Can a town interfere with a land sale if it may lead to health problems?

UPDATED: Oct 1, 2022

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Can a town interfere with a land sale if it may lead to health problems?

The local gas company is in the process of purchasing some land from a private golf club in our town. They plan to place a gas metering station on the land. The property is in a residential area. Many of us have organized a group to stop the sale. Our concerns are with the health and safety issues of placing such a

metering station in a residential area. Our town council says that they have no power to block a private land sale. Our group doesn’t understand how this can be so, if there is a possibility of a health and safety issue because of the placement of this metering station in this area. We have presented them with evidence of the

health and safety issues. Is there anything that we can do?

Asked on January 7, 2019 under Real Estate Law, Massachusetts


SJZ, Member, New York Bar / FreeAdvice Contributing Attorney

Answered 3 years ago | Contributor

If the sale violates zoning laws, in that they are looking to place something on that land that it not approved for it, the town can block it. And even if it is zoned for this use, if something about how the installation, etc. is done or property used violates health or safety ordinances, the buyer can be fined for doing so or have their installation/use blocked. But if the proposed purchase and use is within the law--no violations of zoning or town health/safety code--then the town had no authority to stop it, even if neighbors oppose the use. All the town can do is enforce the town's laws on the books.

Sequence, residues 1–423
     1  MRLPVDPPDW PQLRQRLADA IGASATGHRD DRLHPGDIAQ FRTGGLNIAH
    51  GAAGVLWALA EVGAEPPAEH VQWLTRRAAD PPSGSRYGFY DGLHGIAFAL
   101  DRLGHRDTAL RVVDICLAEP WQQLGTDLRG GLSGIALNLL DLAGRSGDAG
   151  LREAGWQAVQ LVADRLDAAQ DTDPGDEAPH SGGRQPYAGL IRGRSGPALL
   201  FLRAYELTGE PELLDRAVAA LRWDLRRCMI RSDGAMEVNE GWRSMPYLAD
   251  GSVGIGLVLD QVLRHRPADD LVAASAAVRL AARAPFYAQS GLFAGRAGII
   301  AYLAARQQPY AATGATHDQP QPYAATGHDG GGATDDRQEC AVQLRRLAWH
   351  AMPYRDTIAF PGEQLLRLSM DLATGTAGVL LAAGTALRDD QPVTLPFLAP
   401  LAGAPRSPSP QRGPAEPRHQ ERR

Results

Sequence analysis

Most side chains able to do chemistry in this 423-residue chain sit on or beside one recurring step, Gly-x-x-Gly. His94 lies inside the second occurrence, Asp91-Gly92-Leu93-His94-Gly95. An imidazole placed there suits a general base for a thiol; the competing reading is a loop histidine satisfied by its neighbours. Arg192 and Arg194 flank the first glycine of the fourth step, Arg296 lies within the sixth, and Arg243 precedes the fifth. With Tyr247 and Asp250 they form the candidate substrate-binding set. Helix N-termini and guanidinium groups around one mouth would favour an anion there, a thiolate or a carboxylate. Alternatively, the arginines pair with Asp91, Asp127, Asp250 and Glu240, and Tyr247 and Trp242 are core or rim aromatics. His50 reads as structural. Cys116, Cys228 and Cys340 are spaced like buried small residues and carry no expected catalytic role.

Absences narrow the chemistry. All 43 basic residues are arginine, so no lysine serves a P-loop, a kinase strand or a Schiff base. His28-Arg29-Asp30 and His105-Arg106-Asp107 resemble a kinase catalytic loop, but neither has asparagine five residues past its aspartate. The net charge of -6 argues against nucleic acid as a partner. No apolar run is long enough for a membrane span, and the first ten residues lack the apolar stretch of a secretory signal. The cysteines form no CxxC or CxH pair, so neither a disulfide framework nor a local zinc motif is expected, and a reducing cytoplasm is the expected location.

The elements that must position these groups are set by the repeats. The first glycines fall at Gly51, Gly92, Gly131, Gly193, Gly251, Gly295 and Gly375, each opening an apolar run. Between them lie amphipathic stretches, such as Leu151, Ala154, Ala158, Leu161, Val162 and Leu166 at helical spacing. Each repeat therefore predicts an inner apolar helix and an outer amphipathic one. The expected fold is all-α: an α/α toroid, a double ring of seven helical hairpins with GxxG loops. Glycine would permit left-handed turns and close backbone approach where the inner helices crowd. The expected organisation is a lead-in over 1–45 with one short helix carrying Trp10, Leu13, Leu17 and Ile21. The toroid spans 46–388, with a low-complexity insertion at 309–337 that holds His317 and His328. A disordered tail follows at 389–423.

However, even if ostensibly legal, if the way the land is used in fact disturbs--not just ypothetically or from what people fear may happen, but from its actuall sounds/noise, sights, smells, and/or chemical discharges, etc.--neighbors in a way inappropriate for a residential neighborhood like this, the affected neighbors could bring a "nuisance" lawsuit to seek compensation and/or have the operations/use discontinued. There needs to be a concrete, provably impact on the neighbors that is inappropriate for a location like that. if you want to explore this option, consult with a real estate attorney.

IMPORTANT NOTICE: The Answer(s) provided above are for general information only. The attorney providing the answer was not serving as the attorney for the person submitting the question or in any attorney-client relationship with such person. Laws may vary from state to state, and sometimes change. Tiny variations in the facts, or a fact not set forth in a question, often can change a legal outcome or an attorney's conclusion. Although has verified the attorney was admitted to practice law in at least one jurisdiction, he or she may not be authorized to practice law in the jurisdiction referred to in the question, nor is he or she necessarily experienced in the area of the law involved. Unlike the information in the Answer(s) above, upon which you should NOT rely, for personal advice you can rely upon we suggest you retain an attorney to represent you.

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